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OSCON Tutorial Review: MJD's Iterators and Generators with Perl

by Sarah Burcham
Jul. 23, 2002

Mark-Jason Dominus
Iterators and Generators in Perl Tutorial
World Premiere Presentation

I was there. The dawn of an era. Where it all began. Iterator value 0. Generator value 'rand()'. The unveiling of Mark-Jason Dominus's "Iterators and Generators in Perl" tutorial was up to MJD's usual exacting standards, carrying the audience with both his dry humour and generally renowned technical aptitude. What has always amazed me about his presentation style is his ability to both move quickly through content and still present explanations carefully and methodically... in such a way that builds up to a crescendo that is both completely unsurprising, and totally cool. This contrasts Damian Conway's mindbending presentation style, which is to start slowly and then suddenly accelerate beyond the speed of light. They both understand the rule of pedagogy: only present one new concept at a time. Speaking of concepts, let's move along.

So...what's a generator?
A subroutine that returns different values each time is a generator (e.g. rand).

So... what's an iterator?
An iterator is an object interface to a list. It keeps track of the 'current position' in the list. It's a method for advancing to the next item in the list. Things like filehandles, dirhandles, perl's each hash function, the unix yes command. Mark-Jason takes especially twisted delight in using the yes command to iterate no responses with the "yes no command" format. The first half of the tutorial walks us through a case study building up to an iterator version of File::Find. This helps address the problem of a find call taking a very very very very long time to finish. He shows us iterator implementations using perl object-oriented features, using closures, and a hybrid approach using both. Tricky things such as scope and duration with regard to closures (Why do the variables stay in memory?!), and anonymous subroutine pointers were addressed. MJD explains variable references and garbage collection! What a man. Here's a look at a simple closure implementation of an iterator creator upto that takes a low integer value $lo, a high integer value $hi, and returns an iterator that will iterate through integer values from $lo to $hi.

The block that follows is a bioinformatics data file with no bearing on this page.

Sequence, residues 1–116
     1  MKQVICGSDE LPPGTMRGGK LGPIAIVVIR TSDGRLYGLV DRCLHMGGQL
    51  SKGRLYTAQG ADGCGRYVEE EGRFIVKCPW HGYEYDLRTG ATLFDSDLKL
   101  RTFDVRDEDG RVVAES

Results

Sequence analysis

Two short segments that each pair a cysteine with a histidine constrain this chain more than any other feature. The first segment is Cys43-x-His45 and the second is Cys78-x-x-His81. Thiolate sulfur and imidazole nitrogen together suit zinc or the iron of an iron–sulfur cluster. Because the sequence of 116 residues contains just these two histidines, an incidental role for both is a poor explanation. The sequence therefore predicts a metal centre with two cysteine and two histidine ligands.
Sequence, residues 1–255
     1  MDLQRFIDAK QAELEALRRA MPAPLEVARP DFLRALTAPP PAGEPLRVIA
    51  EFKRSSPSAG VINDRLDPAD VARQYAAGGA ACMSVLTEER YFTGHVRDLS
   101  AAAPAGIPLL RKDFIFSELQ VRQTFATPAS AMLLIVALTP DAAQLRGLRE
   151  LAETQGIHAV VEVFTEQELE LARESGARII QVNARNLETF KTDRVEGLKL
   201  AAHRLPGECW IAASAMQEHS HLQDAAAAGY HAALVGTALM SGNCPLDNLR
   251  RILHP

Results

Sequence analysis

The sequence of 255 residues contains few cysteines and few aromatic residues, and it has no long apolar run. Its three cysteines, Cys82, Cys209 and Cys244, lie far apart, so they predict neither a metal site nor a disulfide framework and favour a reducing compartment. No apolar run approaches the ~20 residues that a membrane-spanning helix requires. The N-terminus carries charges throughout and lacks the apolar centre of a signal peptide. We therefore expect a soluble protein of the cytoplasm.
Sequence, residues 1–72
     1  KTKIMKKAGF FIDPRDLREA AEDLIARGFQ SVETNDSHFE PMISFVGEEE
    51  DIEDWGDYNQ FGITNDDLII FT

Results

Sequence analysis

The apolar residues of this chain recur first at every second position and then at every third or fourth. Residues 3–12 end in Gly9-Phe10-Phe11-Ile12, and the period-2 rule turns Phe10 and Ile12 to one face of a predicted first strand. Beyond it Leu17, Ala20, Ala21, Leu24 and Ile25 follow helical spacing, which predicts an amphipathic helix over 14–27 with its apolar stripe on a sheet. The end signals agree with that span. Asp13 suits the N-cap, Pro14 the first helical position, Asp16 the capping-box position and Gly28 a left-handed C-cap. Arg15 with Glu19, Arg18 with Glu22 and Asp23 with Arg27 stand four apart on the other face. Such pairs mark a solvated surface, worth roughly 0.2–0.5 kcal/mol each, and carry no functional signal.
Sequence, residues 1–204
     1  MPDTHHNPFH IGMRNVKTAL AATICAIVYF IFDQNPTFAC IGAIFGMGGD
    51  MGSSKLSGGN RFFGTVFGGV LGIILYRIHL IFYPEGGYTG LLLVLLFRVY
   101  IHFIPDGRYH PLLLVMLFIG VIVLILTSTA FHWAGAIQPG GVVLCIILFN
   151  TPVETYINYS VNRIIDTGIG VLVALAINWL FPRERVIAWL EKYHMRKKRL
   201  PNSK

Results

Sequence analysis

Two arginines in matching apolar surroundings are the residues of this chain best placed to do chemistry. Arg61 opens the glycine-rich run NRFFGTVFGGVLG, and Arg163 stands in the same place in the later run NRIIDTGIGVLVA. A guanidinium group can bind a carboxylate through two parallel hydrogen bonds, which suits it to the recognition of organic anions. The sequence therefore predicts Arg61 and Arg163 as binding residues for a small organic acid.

sub upto {
  my ($lo, $hi) = @_;
  return sub {
    return if $lo > $hi;
    return $lo++;
  };
}

 
$iterator->() # NEXTVAL

General strategy: To convert a recursive function to an iterator, maintain a to-do list. What's a to-do list? A list of things I know I have to look at, but I know I haven't looked at them yet. MJD pauses and says, "Sometimes also called an agenda. (Latin for a to-do list)." The crowd goes wild with laughter. MJD pauses again, "I wonder how many people laughed because they knew I was telling the truth." Oooh, roots humour... how base.

When power was accidentally cut by an audience member, Mark-Jason comes up fists: "A saboteur... Damian sent you didn't he?" When the projection equipment recovers and begins displaying a countdown to power-up "30... 29... 28", he quips "It's just like New Year's Eve." Definitely in top form

Other in-depth topics covered include: iterators and exception handling (using eval to catch), depth-first vs. breadth first, Genome Sequence Generator example, Iterated database queries, imap (iterated map), igrep (iterated grep), a replacement for WWW:SimpleRobot. Iterator termination and the semipredicate problem.

All these topics and more are covered extensively in his book Perl Advanced Techniques Handbook, to be published this year by Morgan Kauffman. Will also eventually be available for free at:

http://perl.plover.com/book/

Also, if you sign up now, you can get a draft of chapter 4 covering Iterators for 90 pages of iterators iterators iterators. Send email to: mjd-book-subscribe@plover.com

In the tutorial summary, mjd sums up his talk when someone attempts a question, "One second, I'm ranting." I'd rather hear MJD rant than most other people talk.

Sarah Burcham is a senior Perl developer for MasterCard International. She organized the 2002 North American Yet Another Perl Conference and is now very tired.

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